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This long-awaited Norton Critical Edition of Aphra Behn’s best-known and most influential work makes available the original 1688 text, the only text published in her lifetime.
The editor supplies explanatory annotations and textual notes.
"Historical Backgrounds" is an especially rich collection of seventeenth-and eighteenth-century documents about colonizers and slaves in the new world. Topically arranged-"Montaigne on America," "The Settling of Surinam," "Observers of Slavery, 1654–1712," "After Oroonoko: Noble Africans in Europe," and "Opinions on Slavery"-these selections create a revealing context for Behn’s unusual story. Illustrations and maps are also included.
"Criticism" begins with an overview of responses to Behn and Oroonoko, from learned and popular writers of her time to Sir Walter Scott and Virginia Woolf, among others. Current critical interpretations are by William C. Spengemann, Jane Spencer, Robert L. Chibka, Laura Brown, Charlotte Sussman, and Mary Beth Rose.
A Chronology of Behn’s life and a Selected Bibliography are included.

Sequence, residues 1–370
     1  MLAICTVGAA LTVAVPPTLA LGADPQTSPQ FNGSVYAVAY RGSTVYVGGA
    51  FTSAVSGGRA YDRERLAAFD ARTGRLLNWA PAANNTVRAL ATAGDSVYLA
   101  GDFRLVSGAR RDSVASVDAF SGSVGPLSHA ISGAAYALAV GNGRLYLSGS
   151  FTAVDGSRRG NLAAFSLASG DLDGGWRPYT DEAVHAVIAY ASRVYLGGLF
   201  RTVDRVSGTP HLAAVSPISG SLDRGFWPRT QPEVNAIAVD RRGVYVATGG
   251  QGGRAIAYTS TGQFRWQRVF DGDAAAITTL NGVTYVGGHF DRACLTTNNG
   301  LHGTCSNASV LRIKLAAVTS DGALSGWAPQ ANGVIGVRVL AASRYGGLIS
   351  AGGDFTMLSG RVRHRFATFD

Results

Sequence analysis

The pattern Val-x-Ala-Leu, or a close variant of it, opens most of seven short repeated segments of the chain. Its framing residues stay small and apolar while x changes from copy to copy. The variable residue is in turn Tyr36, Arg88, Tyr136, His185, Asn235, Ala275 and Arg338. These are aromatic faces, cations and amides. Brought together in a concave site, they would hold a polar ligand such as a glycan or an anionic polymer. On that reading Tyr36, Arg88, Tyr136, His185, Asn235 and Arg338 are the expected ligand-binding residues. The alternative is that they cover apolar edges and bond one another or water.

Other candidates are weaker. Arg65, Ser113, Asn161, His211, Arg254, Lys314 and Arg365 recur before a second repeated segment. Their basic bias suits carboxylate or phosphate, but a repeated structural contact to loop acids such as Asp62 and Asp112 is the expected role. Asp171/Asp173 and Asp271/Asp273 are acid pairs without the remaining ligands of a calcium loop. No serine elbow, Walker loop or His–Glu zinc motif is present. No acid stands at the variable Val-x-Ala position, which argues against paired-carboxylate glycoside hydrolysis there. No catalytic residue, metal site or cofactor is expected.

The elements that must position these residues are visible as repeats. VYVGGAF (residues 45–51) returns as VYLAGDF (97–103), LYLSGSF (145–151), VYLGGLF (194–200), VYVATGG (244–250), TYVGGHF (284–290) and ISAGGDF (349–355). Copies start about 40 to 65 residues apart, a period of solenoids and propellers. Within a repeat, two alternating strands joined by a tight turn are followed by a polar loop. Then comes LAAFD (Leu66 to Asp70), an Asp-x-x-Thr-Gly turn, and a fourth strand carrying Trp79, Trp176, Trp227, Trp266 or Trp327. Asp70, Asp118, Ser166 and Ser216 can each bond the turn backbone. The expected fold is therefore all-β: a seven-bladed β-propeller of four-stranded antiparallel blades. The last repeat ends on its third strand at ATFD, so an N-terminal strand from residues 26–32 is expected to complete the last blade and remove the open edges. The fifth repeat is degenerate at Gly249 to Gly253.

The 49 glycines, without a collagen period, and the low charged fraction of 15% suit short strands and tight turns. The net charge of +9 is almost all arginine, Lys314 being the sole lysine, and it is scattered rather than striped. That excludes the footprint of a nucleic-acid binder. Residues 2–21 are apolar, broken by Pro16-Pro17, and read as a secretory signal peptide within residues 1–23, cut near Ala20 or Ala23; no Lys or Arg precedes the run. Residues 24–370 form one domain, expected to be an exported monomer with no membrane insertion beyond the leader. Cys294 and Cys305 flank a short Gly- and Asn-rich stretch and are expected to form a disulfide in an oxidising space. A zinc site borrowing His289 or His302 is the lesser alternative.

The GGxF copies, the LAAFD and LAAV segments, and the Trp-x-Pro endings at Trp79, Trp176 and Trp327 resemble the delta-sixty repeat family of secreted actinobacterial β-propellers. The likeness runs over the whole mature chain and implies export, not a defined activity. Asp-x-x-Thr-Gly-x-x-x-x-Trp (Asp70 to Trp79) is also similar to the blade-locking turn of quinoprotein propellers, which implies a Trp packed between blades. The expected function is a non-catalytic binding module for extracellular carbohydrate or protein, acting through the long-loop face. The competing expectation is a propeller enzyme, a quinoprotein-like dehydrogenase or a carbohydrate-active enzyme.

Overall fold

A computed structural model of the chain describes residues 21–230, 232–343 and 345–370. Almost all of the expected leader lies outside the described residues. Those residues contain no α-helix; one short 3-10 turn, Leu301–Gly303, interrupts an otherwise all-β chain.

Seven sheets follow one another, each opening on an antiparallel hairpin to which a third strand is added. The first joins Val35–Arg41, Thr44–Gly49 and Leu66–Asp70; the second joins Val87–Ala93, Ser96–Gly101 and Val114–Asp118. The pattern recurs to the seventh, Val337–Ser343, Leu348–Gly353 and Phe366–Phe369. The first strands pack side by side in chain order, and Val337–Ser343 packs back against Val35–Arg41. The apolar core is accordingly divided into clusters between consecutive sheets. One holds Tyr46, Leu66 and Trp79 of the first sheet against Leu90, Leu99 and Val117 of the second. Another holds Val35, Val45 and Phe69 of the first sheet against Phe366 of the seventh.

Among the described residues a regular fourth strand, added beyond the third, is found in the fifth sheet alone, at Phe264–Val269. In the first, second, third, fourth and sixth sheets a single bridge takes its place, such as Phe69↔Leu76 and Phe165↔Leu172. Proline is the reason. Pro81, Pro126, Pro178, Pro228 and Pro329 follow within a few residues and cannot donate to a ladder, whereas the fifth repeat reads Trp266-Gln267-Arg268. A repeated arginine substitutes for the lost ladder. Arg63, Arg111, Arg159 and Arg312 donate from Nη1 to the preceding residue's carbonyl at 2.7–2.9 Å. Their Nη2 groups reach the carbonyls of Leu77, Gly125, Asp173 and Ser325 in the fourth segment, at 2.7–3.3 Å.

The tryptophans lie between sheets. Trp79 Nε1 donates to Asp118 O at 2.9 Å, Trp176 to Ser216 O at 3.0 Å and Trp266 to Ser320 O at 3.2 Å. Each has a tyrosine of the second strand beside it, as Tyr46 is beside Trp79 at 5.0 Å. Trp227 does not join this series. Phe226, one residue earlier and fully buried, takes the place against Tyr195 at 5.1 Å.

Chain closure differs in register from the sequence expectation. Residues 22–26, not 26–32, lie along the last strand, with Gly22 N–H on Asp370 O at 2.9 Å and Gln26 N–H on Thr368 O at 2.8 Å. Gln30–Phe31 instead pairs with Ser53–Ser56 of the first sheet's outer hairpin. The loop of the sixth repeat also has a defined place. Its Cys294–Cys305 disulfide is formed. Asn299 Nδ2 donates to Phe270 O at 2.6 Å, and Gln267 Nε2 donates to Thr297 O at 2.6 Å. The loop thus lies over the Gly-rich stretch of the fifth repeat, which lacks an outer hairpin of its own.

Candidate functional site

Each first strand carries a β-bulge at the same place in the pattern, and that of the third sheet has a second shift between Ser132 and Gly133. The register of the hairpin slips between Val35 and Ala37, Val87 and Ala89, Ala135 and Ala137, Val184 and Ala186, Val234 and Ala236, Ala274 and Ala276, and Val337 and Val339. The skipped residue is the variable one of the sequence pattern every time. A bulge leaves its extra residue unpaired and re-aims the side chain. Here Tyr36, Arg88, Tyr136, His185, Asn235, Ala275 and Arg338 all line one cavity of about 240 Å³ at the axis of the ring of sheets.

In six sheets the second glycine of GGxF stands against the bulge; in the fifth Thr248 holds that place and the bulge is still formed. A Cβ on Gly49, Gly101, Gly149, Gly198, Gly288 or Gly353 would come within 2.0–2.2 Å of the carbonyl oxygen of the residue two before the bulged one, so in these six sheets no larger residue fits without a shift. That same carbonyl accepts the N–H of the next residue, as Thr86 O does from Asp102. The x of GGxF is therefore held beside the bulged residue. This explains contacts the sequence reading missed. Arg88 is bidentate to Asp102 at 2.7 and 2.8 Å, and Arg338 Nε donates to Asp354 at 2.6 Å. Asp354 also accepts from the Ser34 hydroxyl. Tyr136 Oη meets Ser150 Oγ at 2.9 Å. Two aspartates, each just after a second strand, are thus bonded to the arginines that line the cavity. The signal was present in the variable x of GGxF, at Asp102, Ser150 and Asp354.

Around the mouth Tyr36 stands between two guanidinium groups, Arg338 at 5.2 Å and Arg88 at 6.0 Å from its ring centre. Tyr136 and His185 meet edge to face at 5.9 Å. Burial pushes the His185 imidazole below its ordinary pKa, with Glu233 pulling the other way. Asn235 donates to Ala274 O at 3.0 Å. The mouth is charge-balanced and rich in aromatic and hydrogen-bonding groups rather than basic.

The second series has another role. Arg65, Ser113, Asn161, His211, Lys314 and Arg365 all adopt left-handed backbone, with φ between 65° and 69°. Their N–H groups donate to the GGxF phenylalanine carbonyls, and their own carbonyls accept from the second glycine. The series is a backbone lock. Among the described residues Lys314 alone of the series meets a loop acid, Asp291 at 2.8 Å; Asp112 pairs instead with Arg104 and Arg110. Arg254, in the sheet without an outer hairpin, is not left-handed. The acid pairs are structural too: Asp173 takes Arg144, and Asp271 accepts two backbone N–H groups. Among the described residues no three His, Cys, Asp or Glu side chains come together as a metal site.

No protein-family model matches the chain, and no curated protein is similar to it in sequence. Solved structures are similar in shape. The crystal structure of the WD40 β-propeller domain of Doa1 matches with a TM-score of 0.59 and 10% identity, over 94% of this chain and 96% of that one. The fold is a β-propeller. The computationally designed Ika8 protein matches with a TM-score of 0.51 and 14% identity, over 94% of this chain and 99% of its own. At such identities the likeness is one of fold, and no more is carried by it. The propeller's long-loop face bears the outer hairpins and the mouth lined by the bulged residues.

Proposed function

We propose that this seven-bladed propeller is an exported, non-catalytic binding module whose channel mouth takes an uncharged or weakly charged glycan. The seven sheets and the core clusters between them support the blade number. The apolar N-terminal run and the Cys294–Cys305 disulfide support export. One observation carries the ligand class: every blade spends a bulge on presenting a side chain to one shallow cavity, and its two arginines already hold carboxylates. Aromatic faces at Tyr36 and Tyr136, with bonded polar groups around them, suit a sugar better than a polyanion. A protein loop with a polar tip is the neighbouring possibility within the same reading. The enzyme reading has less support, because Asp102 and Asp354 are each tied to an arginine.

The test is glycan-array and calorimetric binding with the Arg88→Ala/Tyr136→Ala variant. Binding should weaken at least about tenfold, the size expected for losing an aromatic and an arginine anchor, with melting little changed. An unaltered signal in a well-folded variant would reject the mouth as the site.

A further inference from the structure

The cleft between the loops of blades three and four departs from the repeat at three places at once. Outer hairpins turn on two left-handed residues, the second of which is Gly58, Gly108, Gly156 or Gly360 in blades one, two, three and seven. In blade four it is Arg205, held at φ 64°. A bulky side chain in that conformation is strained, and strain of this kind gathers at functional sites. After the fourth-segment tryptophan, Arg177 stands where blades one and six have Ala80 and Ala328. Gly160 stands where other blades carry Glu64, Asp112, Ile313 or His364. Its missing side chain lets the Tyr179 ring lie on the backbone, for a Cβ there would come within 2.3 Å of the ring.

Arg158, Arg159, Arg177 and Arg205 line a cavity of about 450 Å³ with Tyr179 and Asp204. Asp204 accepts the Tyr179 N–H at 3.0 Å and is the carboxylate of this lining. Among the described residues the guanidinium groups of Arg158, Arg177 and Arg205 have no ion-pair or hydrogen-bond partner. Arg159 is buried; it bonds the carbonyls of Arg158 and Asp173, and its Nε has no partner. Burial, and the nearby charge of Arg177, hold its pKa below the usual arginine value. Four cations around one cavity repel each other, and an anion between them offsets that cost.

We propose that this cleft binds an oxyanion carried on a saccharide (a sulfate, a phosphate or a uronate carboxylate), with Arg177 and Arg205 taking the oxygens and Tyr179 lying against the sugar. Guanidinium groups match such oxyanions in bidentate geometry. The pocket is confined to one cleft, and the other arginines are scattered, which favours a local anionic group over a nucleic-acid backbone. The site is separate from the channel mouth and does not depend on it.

I am always impressed with the level of detail from the Norton Critical Edition Series. The actual novel is only 60-plus pages and all nouns are capitalized and proper nouns are italicized, so it takes some adjustment. However, the novel was a major breakthrough for women writers, because Aphra Behn was the first female to write a novel in a male-dominated era. Her story of Oroonoko was an attempt to inspire social change in regards to slavery, though many of her descriptions of the slaves and scenery suggests Behn was at least unconsciously complicit in a European ethnocentric ideology. The rest of this edition is full of historical backgrounds, criticisms, and various other relevant material. I highly recommend this edition for critical study.Was this review helpful? Yes NoThank you for your feedback. Report this reviewThank you, this review has been flagged.